New York redistricting: Commissioners eye bipartisan deal on House lines



A deal between five Democrats and five Republicans on the Independent Redistricting Commission would not be the end of the process to redraw New York’s 26 House seats
after the state’s top court last year
tossed the current lines. There are about six battleground races in New York this year, and any shift in the lines could prove important in who wins the seats.

Any maps the commission produces would be voted on by the state Legislature — and the Democrats who dominate it would have the option of rejecting the lines and instead drafting their own.

But several individuals familiar with the process have said in recent weeks that a comprise from the commission might have a shot at winning approval after similar efforts failed in 2022, leading to the current situation.

A compromise plan would be better for the GOP than one drawn entirely by Democrats, and some Republicans might accept lines that decrease their chances in a seat or two rather than risk losing to an all-out gerrymander from Democrats.

And Democrats could be content with maps that slightly improve their standing, while letting them avoid accusations of gamesmanship and another drawn-out legal battle.

Also, maps drawn by the Legislature would need to be approved by supermajorities that would require near unanimity from Democrats. A bipartisan plan that comes from the commission would need only a simple majority.

Commissioners were tight-lipped late Monday about what the lines might look like, and several officials in the state Legislature said they had not yet heard any details.

“There’s still some things that are being finalized,” Jenkins said. “The commission is still working towards Thursday.”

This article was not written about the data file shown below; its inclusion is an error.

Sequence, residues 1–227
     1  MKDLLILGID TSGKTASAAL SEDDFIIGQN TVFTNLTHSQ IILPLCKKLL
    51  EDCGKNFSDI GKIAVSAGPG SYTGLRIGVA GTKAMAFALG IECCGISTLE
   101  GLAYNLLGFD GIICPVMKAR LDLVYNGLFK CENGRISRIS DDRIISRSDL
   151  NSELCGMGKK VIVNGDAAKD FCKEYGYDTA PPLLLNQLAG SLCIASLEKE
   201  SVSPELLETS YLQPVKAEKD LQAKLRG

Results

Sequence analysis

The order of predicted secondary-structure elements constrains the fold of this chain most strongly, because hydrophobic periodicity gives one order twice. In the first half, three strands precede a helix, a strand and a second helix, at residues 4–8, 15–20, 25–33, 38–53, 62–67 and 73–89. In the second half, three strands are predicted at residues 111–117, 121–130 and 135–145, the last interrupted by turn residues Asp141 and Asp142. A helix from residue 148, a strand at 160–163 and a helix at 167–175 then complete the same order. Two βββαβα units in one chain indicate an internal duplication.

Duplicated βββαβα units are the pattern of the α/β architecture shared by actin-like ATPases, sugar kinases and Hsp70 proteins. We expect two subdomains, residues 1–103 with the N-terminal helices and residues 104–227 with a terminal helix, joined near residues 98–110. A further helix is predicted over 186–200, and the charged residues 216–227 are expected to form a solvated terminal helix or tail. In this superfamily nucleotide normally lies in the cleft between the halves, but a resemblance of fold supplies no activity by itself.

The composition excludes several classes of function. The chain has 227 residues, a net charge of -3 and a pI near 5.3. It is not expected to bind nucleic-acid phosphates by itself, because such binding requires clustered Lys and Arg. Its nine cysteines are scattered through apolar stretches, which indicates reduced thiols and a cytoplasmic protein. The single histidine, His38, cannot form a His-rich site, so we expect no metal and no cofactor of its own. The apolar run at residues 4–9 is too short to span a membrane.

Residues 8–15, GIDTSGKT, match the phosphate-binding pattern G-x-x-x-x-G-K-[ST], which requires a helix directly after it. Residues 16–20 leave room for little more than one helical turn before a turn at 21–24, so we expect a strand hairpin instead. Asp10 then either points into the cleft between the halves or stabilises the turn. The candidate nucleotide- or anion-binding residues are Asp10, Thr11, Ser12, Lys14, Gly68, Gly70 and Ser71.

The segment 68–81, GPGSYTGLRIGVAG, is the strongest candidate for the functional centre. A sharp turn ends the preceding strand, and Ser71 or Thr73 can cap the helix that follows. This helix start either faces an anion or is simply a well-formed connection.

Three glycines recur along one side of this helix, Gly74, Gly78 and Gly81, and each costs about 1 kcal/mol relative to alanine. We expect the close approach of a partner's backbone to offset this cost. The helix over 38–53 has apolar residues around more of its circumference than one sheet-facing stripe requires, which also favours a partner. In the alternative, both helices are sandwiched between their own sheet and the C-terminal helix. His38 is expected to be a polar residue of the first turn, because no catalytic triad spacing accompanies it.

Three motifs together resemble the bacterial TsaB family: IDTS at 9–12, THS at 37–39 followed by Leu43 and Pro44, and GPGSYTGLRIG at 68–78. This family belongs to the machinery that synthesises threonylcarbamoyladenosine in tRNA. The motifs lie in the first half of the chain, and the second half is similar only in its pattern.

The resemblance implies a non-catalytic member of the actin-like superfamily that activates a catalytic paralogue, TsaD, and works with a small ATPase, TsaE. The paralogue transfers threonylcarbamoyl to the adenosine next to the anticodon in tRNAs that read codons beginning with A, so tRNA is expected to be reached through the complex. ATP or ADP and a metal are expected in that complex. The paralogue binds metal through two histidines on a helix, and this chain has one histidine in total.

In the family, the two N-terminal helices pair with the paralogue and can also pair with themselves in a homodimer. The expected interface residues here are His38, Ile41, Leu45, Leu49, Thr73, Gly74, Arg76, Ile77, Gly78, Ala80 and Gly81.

State officials familiar with the process have predicted in recent weeks that a compromise plan could make the Syracuse-area seat held by freshman Republican Rep. Brandon Williams more Democratic-friendly.

One of the districts held by upstate Republican Reps. Marc Molinaro and Mike Lawler could also shift to help Democrats — but probably not both without hurting other incumbent Democrats in neighboring seats.

Republican-held districts on Staten Island and Long Island could remain mostly the same as they were in 2022, but there is also the potential they could face some changes, as well as key ones in the Hudson Valley. Republicans in New York were able to flip three seats in 2022 with the current lines, giving the GOP a slim House majority.

One unanswered question is when the Legislature would act on the lines.

There was a widespread expectation last week that the commission would meet later this week. That would let them wait
to see how Tuesday’s special election
to replace expelled Rep. George Santos on Long Island shakes out, though commissioners deny that played a role in the timing.

“No truth to that,” Nesbitt responded Monday.

When there was an expectation that there would be a meeting on this Wednesday, the Legislature had started to explore the possibility of extending their work week, which is currently scheduled to end that day in Albany. They could then wrap up the process before the weekend.

But they do not have definite plans on a return yet. The Thursday afternoon timing of the meeting means it would be a logistical scramble to vote even on Friday.

Meanwhile, members are scheduled to be off for all next week for President’s Day and midwinter break. But a special session next week remains a possibility, some officials suggested.

If they don’t return early, their next scheduled day in Albany is Monday, Feb. 27 — the day that congressional candidates are due to start collecting petitions.

Even though members say they’re hopeful for a deal, every Albany denizen is aware that an agreement by the commission and the Legislature can always fall apart.

“We came awfully close in 2021,” said Republican state Sen. Jack Martins, a co-chair of the commission when it attempted to draw lines in its last iteration. “And there was a sharp change by members of the commission.”

Commissioners failed to agree on lines in that go-around.

When their first set of maps was rejected by the Legislature, the two parties never even agreed on a meeting date to discuss a second draft — a procedural shortcoming that led to the courts tossing the lines that were eventually drawn by the Legislature.

A December decision by the Court of Appeals ordered the commission to pick up where it left off and negotiate a second plan by Feb. 28.



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